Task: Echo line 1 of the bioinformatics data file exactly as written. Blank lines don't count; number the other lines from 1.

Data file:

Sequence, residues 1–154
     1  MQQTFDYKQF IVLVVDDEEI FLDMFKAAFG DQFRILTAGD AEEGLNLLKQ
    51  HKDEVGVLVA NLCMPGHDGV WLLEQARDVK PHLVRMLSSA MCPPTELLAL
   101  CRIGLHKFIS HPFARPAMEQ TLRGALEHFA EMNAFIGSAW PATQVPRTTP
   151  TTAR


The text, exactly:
Sequence, residues 1–154